Tom Victor looks back at an arrival that made history at The Boleyn Ground…
It might not have the gravity of the moon landing or the Kennedy assassination, but I remember exactly where I was when I learned that West Ham were set to sign Ilan.
I was with a group of friends at the Old Arcade pub in Cardiff, watching the first ever Sky 3D game, consoling my friend Rob, an Arsenal supporter, after his team was soundly beaten by Manchester United in one of those matches you knew was a big game because Sir Alex Ferguson had recalled Park Ji-Sung.
While reflecting on one of many blows to Arsenal’s title challenge that year, the TV in the background brought news of West Ham signing an unknown Brazilian called Ilan, deemed surplus to requirements at Saint-Étienne. Compared to Arsenal’s, ahem, arsenal up front – van Persie, Eduardo, a still-competent Andrey Arshavin – West Ham’s January transfer window business was an example of throwing a load of shit at a wall and hoping some of it stuck.
Gianfranco Zola’s team had been struggling for goals that season, thanks largely to making the foolish assumption that Carlton Cole’s renaissance the previous season was anything but a one-off. David di Michele and Diego Tristán had moved on and their replacements had not bridged the goalscoring gap. Alessandro Diamanti impressed with his performances from deep but was never an out-and-out striker, Guille Franco was able but his fitness was lacking, and Savio. Well let’s just ignore that one for now.
So in January, with relegation a real possibility and David Gold and David Sullivan assuming ownership of the club, strikers were the priority. Benni McCarthy arrived for £2m – about three years too late as it turned out – Mido joined on a £1,000 per week contract which would prove extortionate, and Ilan, well he was just the other one who no one expected much from.
Remarkably, the 29-year-old was the club’s first ever Brazilian, though two high-profile Argentines had arrived from the Campeonato Brasiliero in 2006. A debut goal against Burnley proved something of a Kepa Blanco-style false dawn, but the frontman would ultimately prove crucial to the club’s survival.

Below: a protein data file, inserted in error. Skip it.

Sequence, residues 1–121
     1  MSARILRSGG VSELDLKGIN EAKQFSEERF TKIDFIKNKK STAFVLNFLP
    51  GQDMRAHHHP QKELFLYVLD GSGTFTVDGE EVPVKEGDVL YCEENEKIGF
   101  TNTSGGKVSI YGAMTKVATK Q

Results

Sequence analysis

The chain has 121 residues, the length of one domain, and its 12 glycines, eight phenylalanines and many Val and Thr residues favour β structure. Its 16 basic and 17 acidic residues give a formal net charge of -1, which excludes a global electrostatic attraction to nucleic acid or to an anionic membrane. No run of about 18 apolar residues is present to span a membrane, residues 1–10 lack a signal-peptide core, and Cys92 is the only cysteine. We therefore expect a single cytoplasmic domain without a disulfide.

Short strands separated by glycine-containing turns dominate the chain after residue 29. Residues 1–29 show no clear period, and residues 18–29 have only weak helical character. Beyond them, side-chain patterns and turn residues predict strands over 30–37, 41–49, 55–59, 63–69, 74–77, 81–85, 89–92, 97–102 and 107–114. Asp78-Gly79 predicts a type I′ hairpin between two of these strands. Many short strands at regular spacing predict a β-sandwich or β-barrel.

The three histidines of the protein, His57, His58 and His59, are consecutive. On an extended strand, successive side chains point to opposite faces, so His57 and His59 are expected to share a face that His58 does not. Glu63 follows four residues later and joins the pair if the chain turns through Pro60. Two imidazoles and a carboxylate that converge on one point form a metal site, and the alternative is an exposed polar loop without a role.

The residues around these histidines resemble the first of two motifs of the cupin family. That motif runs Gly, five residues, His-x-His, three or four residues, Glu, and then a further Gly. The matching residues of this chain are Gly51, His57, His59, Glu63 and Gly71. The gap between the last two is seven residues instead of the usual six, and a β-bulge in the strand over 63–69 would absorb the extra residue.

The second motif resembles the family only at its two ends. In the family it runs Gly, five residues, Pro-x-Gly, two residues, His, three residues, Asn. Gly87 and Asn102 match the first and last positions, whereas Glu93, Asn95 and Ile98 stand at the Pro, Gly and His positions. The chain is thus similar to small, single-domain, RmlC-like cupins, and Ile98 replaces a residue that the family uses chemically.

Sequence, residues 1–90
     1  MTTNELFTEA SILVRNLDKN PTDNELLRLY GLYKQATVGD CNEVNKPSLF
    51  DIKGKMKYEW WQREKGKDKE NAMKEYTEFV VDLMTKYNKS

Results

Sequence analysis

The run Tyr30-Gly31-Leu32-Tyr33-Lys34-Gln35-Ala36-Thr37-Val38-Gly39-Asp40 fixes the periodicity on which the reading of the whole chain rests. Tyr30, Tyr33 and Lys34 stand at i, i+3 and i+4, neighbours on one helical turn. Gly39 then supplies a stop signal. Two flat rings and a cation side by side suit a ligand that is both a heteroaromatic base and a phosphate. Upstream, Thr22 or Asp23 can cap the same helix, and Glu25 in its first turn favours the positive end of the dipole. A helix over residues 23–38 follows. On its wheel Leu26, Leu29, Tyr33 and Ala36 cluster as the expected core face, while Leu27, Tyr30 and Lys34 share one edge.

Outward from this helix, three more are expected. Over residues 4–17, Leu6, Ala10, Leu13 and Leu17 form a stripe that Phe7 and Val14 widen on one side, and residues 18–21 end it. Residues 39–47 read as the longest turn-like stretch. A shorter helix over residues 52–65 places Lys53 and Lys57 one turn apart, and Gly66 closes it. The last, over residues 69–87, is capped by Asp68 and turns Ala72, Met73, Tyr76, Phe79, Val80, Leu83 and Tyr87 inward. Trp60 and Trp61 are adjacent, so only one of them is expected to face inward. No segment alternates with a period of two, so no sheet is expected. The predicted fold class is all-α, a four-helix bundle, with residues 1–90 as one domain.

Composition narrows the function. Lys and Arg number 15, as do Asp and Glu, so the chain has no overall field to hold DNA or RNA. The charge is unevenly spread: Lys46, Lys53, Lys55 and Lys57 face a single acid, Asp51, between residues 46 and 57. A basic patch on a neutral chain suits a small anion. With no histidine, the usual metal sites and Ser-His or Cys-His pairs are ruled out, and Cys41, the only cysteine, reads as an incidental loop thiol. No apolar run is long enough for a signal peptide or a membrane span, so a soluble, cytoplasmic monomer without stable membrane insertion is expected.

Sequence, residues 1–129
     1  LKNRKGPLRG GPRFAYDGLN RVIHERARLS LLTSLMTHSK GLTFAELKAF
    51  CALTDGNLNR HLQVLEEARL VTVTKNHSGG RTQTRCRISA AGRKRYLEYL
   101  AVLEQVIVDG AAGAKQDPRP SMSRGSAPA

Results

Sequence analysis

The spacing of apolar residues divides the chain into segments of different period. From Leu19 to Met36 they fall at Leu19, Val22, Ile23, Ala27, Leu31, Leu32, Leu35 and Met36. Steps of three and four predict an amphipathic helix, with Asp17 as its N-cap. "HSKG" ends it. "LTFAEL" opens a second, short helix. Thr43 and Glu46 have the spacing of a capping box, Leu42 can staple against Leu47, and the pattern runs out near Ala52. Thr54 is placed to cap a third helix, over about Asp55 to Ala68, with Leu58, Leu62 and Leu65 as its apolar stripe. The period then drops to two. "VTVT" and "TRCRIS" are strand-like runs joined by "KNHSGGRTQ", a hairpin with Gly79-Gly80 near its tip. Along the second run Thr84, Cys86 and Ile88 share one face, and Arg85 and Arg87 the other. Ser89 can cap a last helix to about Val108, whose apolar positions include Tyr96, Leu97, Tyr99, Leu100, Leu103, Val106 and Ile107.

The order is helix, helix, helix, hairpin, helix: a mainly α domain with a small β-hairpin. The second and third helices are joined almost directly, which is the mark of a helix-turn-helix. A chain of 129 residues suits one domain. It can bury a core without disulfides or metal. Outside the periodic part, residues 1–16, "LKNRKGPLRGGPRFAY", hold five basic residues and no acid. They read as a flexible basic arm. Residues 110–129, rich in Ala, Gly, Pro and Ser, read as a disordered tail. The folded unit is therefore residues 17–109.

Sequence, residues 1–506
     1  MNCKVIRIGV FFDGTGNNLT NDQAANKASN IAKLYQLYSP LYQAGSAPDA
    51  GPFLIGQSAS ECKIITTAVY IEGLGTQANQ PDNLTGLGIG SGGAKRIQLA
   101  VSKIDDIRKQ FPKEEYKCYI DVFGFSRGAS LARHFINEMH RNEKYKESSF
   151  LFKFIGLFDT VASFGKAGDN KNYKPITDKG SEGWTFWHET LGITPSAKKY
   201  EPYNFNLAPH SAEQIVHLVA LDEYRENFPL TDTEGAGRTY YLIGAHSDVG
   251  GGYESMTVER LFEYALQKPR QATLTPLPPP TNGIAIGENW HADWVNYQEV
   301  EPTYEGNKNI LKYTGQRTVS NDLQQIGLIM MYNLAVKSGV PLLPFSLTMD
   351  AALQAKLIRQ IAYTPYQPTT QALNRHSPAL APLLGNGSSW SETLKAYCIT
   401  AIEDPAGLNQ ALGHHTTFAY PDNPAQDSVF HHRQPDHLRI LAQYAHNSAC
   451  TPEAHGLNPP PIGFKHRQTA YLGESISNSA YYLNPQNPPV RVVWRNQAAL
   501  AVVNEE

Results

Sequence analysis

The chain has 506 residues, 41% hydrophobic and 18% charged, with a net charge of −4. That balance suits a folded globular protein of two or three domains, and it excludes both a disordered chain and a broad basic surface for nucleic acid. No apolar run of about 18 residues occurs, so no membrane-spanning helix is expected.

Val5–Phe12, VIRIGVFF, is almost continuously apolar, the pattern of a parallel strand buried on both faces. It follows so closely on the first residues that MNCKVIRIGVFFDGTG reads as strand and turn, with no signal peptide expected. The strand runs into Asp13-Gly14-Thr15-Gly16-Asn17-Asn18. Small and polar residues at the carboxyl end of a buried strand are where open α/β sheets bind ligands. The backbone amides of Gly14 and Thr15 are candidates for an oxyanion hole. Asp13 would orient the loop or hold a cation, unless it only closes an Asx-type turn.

The key game for Ilan came against Everton on in April After a convincing 3-0 win over Hull, featuring the pass of the season from Julien Faubert for Cole to score the second, the Irons had been sucked back into the relegation mix with six straight defeats. It looked like their luck had changed when – with the score at 1-0 they were awarded a penalty, however Mido’s weak effort was easily saved by Tim Howard. Manuel da Costa restored parity but Yakubu made it 2-1 late on and it looked like that was that, however the Brazilian was introduced from the bench – more in hope than expectation I’m sure – and his flying header from Faubert’s cross (for all his faults the Frenchman was enjoying his best run of form in claret and blue) levelled the scores five minutes from time.
The single point made only moderate difference on its own, but the psychology of the goal was vital in removing the self-fulfilling misery which comes when you think everything is going against you (see West Ham’s 3-2 defeat to Wigan about a year later). The next week Ilan struck again, this time hitting the winner in a 1-0 victory over Sunderland – one of those home games against a mid-table side from the North-East which struggling London clubs pray for around April.
That Ilan hasn’t really enjoyed cult hero status in East London is probably down to a number of factors. First and foremost is the 25-yard winner scored by Scott ‘actually not the captain but we don’t like to talk about Matt Upson’ Parker against Wigan, which confirmed the club’s survival. Second is the fact that West Ham stayed up with 35 points, which is quite frankly awful, and almost certainly wouldn’t have been enough had Burnley replaced Owen Coyle with a local child rather than Brian Laws.
The final reason is that Ilan was showed little gratitude and released come the summer. It’s frankly unlikely that he would have been able to do anything to postpone West Ham’s inevitable relegation the following season – after all, this was a team whose top scorer, Demba Ba, achieved the dubious honour in just 12 games. However fans ought to at least be grateful that he did more than Mido and McCarthy in his short spell.
West Ham also had Wellington Paulista, who Wikipedia tells me (a) is another Brazilian and (b) definitely exists.